I’ve been a huge fan of Elon Musk, even before my husband first drove home his Model S. After participating in a Harvard case study about him, then reading Ashlee Vance’s Elon Musk biography, I was even more enamored. I bought some stock. I even ordered a Model 3 on March 31st, 2016, the first day Tesla started taking orders – and took delivery just eight days shy of two years later.
Meanwhile, SpaceX has been shooting up privately-funded rockets for over 10 years, including the Falcon 9’s launching 11 communications satellites into orbit. Earlier this year they launched the most powerful rocket in operation in the world. The payload was Musk’s Tesla Roadster sports car, with a dummy astronaut called “Starman” in its driver’s seat.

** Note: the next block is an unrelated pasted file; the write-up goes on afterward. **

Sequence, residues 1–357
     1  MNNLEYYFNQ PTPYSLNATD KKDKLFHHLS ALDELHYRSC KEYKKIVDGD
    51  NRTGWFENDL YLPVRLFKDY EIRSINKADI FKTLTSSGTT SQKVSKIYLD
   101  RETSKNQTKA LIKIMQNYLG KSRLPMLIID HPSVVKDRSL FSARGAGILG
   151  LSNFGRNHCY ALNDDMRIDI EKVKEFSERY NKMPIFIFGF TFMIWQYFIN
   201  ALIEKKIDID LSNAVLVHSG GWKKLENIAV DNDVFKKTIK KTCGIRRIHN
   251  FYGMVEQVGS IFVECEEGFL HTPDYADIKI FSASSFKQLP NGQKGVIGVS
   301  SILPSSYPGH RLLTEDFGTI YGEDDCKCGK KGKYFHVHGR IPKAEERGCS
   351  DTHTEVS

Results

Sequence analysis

Yet, Elon has increasingly been acting like the dummy behind the wheel of his space-bound roadster in recent months, especially in his tweets. August 7th, Elon first announced he might buy back the company. That cost him the Chairmanship of Tesla for three years and a $20 million fine. Then, days after reaching an agreement with the SEC to settle the fraud charges they leveled against him, he poked the bear in the eye with a sharp verbal stick, saying “Just want to [say] that the Shortseller Enrichment Commission is doing incredible work. And the name change is so on point!” What was he thinking?!
The key for Tesla to start avoiding these unnecessary crash landings would probably be taking a similar approach to what’s worked so well at SpaceX. And it wouldn’t even take rocket science! READ REST OF BLOG >>>